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Venture capital

Venture capital
In addition to angel investing and other seed funding options, venture capital is attractive for new companies with limited operating history that are too small to raise capital in the public markets and have not reached the point where they are able to secure a bank loan or complete a debt offering. In exchange for the high risk that venture capitalists assume by investing in smaller and less mature companies, venture capitalists usually get significant control over company decisions, in addition to a significant portion of the company's ownership (and consequently value). Venture capital is also associated with job creation (accounting for 2% of US GDP),[2] the knowledge economy, and used as a proxy measure of innovation within an economic sector or geography. It is also a way in which public and private sectors can construct an institution that systematically creates networks for the new firms and industries, so that they can progress. History[edit] J.H. 1980s[edit] Funding[edit]

Top 100 Venture Capital Firms February 19, 2015 15+ min read Welcome to the Entrepreneur VC 100 list of top early-stage venture capital firms -- a platform highlighting the who’s who of the U.S. startup ecosystem. The ranking is based on data from PitchBook, a Seattle-based data and tech provider for the global private equity and venture capital markets. The firms are listed by total capital invested in seed and/or early-stage deals completed in the U.S. during 2014. While the ranking is focused on traditional VC firms, it also includes corporate VCs, mutual funds and other entities, as new players increasingly enter the VC game. PitchBook’s research process for VC 100 also tracks each firm’s investment activity. VC 100: U.S. venture capital firms ranked based on capital invested in U.S. early-stage deals in 2014 (in USD millions*). #1 Andreessen Horowitz, Menlo Park, Calif. 2014 Early-stage investments (in millions, USD): $1,020.23 2014 Early-stage deal count: 50 Industries: Consumer products and services, software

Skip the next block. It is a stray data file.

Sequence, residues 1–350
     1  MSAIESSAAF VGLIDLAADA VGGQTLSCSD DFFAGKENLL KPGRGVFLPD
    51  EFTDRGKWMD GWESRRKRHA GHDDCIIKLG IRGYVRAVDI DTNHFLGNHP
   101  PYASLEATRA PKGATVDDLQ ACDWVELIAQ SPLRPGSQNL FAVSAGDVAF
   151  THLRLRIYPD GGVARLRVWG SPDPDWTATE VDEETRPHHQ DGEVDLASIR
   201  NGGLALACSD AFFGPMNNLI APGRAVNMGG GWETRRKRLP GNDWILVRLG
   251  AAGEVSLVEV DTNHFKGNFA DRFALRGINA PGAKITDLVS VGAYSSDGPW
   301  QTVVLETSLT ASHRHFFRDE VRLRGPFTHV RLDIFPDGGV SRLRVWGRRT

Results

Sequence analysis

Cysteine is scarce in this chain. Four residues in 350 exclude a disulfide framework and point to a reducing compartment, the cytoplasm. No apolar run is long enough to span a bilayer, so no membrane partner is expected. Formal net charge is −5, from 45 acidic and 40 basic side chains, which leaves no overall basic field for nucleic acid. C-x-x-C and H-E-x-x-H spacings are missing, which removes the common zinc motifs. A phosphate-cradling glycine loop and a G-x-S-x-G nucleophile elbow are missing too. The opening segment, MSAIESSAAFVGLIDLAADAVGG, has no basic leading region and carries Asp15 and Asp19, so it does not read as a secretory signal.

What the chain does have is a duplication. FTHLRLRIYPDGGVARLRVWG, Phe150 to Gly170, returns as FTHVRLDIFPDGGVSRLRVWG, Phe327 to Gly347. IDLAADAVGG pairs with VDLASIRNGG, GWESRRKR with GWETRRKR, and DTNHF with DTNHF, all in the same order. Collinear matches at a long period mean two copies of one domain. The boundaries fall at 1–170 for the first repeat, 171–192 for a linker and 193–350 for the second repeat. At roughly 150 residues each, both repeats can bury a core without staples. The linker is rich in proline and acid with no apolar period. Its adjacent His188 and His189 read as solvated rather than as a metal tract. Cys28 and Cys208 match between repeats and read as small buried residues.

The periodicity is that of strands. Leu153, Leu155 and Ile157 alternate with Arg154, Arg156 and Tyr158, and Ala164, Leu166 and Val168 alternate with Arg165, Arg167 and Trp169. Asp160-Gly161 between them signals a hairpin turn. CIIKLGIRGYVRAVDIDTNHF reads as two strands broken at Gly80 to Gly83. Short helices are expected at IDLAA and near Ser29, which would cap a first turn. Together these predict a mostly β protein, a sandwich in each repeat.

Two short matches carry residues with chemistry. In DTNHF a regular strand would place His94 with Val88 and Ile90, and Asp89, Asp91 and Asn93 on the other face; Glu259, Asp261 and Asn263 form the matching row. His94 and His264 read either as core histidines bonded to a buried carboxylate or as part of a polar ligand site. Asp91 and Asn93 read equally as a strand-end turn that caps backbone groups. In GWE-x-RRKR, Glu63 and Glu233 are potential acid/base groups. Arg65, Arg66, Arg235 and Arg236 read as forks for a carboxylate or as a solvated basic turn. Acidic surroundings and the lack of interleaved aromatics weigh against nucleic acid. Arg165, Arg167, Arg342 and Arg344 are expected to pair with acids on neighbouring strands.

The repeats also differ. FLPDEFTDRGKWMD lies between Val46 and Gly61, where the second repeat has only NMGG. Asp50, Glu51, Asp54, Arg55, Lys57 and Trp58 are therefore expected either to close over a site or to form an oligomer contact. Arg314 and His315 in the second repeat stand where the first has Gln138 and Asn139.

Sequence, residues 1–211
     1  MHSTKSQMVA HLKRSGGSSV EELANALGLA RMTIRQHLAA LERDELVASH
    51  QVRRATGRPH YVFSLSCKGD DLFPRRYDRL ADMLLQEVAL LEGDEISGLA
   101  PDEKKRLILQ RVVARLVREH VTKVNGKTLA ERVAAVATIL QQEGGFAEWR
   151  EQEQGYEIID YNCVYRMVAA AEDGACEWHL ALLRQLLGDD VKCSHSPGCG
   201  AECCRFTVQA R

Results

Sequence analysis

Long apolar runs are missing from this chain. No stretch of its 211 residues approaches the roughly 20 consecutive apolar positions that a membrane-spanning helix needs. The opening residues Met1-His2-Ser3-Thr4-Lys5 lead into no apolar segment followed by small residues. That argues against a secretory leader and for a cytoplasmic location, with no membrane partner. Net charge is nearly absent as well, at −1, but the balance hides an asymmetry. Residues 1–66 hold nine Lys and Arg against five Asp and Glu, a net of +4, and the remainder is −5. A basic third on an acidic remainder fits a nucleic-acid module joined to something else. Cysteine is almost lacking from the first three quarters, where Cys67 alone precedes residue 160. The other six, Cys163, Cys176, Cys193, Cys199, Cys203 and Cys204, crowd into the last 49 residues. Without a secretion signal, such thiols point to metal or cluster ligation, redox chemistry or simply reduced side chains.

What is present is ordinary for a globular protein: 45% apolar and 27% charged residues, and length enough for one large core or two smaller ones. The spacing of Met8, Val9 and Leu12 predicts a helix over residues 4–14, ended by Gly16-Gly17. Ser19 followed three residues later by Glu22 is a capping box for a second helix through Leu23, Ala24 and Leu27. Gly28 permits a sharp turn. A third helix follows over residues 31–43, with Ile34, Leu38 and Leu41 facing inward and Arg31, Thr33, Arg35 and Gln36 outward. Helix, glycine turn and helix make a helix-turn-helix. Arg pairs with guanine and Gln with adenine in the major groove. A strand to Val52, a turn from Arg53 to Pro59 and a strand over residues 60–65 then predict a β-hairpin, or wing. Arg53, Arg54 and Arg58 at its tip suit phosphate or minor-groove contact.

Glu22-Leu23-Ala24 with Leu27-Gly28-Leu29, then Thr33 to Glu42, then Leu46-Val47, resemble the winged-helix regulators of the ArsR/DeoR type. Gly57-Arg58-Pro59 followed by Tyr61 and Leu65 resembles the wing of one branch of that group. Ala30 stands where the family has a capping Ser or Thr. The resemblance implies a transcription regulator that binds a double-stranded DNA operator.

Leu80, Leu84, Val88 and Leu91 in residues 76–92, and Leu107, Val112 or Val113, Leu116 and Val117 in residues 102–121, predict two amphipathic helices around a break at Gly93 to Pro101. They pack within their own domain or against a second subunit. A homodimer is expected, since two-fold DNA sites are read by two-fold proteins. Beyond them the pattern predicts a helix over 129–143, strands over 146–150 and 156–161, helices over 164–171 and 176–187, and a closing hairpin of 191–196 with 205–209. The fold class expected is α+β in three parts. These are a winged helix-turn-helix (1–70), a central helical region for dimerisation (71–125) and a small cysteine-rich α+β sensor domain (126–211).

Private equity - Wiki A private equity investment will generally be made by a private equity firm, a venture capital firm or an angel investor. Each of these categories of investor has its own set of goals, preferences and investment strategies; however, all provide working capital to a target company to nurture expansion, new-product development, or restructuring of the company’s operations, management, or ownership.[2] Bloomberg Businessweek has called private equity a rebranding of leveraged buyout firms after the 1980s. Among the most common investment strategies in private equity are: leveraged buyouts, venture capital, growth capital, distressed investments and mezzanine capital. In a typical leveraged buyout transaction, a private equity firm buys majority control of an existing or mature firm. Private equity is also often grouped into a broader category called private capital, generally used to describe capital supporting any long-term, illiquid investment strategy. Strategies[edit] Notes: